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The United States yesterday insisted that its much-touted shift to the Asia-Pacific region is for real as US and Australian officials met for annual strategic talks.
US Pentagon chief Leon Panetta told reporters before flying into Perth that the Americans were ready to follow through on a plan to pivot to the Pacific despite crises in the Middle East and fiscal strains at home.
"The rebalance is real. It's going to be long-term," Panetta said.
The United States is expanding military exercises with allies and gradually moving its most advanced ships, weaponry and aircraft to Asia -- including deploying Marines to northern Australia -- as part of a long-term strategy, he said.
But that did not mean having to scale back its military presence in the volatile Middle East, Panetta said. "I feel very comfortable with regards to how we're dealing with threats in the Middle East," he said.
It was possible for the American military "to walk and chew gum at the same time", said Panetta, in his third trip to Asia since June.
In what could be her final visit Down Under in her current job, US Secretary of State Hillary Clinton joined Panetta for the talks with Australian counterparts Bob Carr and Stephen Smith.
Prime Minister Julia Gillard described the two countries as "good mates at every level".
The talks in Perth are expected to focus on regional security and greater American use of Australian military facilities, particularly increased access to a key naval base south of Perth as the Indian Ocean rim region grows in strategic importance.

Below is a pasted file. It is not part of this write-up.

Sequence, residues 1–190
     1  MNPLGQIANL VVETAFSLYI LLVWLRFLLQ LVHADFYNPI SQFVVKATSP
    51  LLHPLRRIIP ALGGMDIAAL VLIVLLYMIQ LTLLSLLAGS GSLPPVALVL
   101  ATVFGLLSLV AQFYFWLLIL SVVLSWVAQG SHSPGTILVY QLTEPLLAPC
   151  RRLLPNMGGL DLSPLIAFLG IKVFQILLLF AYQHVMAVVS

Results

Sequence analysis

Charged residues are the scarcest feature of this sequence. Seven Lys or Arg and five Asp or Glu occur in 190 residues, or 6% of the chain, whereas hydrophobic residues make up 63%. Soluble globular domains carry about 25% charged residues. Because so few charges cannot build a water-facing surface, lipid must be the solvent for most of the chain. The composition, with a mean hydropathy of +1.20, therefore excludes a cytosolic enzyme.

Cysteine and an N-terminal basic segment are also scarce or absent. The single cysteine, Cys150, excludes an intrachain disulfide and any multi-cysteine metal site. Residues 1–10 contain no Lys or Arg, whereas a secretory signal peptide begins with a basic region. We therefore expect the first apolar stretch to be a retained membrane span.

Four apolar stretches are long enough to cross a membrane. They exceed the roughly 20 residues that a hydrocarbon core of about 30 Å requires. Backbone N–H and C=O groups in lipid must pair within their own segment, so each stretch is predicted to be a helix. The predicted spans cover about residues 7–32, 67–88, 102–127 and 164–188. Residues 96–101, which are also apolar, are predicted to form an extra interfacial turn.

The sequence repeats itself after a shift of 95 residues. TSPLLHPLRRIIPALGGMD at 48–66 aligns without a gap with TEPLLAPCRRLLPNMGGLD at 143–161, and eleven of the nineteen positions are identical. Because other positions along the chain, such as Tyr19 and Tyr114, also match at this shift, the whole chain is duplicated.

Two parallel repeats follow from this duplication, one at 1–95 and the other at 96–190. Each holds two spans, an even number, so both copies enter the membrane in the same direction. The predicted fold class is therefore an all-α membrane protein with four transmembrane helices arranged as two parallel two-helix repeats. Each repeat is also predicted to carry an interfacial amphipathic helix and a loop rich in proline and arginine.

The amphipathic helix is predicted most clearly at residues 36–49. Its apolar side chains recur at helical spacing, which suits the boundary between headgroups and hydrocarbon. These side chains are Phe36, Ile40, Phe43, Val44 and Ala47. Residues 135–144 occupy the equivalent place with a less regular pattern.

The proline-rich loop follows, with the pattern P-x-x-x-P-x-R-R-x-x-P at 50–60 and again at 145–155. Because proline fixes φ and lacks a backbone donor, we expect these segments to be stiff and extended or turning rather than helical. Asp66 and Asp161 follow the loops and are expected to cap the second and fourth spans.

The talks follow the arrival of about 250 US Marines in northern Australia this year as part of an American "rebalance" towards the Pacific after a decade of ground wars in Iraq and Afghanistan.
The US military currently has only a limited footprint in longstanding ally Australia, including the Pine Gap Joint Defence Facility spy station near Alice Springs.
The move to station Marines here -- some 2,500 by 2016-17 -- represents a significant strategic shift by Washington and has irked Beijing, whose rapid rise is behind the US recalibration of forces to Asia.
Gillard planned to host a dinner for Hillary and Panetta yesterday and said the talks would touch on Afghanistan, the civil war in Syria and Iran's nuclear programme.
Gillard described Washington as "the oldest of allies" with strong shared strategic, defence and economic bonds.
"We've been in an alliance for more than 60 years and we are good mates at every level," she said.